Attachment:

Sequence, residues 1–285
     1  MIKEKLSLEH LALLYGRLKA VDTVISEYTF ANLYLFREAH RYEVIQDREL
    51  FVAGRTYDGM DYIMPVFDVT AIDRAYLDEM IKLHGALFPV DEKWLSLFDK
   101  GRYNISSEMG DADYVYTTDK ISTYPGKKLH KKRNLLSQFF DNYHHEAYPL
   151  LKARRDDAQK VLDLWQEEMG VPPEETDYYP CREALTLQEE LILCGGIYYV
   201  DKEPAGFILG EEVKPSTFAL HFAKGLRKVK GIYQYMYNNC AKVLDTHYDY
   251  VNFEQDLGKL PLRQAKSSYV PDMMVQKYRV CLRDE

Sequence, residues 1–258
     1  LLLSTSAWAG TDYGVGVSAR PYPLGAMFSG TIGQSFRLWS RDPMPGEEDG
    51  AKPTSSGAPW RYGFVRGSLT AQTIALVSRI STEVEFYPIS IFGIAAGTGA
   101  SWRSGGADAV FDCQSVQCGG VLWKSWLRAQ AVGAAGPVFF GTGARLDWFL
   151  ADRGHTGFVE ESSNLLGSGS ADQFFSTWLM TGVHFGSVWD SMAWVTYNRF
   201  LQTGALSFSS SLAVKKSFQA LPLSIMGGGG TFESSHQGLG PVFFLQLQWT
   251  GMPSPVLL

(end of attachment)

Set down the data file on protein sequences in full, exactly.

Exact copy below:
Sequence, residues 1–285
     1  MIKEKLSLEH LALLYGRLKA VDTVISEYTF ANLYLFREAH RYEVIQDREL
    51  FVAGRTYDGM DYIMPVFDVT AIDRAYLDEM IKLHGALFPV DEKWLSLFDK
   101  GRYNISSEMG DADYVYTTDK ISTYPGKKLH KKRNLLSQFF DNYHHEAYPL
   151  LKARRDDAQK VLDLWQEEMG VPPEETDYYP CREALTLQEE LILCGGIYYV
   201  DKEPAGFILG EEVKPSTFAL HFAKGLRKVK GIYQYMYNNC AKVLDTHYDY
   251  VNFEQDLGKL PLRQAKSSYV PDMMVQKYRV CLRDE

Sequence, residues 1–258
     1  LLLSTSAWAG TDYGVGVSAR PYPLGAMFSG TIGQSFRLWS RDPMPGEEDG
    51  AKPTSSGAPW RYGFVRGSLT AQTIALVSRI STEVEFYPIS IFGIAAGTGA
   101  SWRSGGADAV FDCQSVQCGG VLWKSWLRAQ AVGAAGPVFF GTGARLDWFL
   151  ADRGHTGFVE ESSNLLGSGS ADQFFSTWLM TGVHFGSVWD SMAWVTYNRF
   201  LQTGALSFSS SLAVKKSFQA LPLSIMGGGG TFESSHQGLG PVFFLQLQWT
   251  GMPSPVLL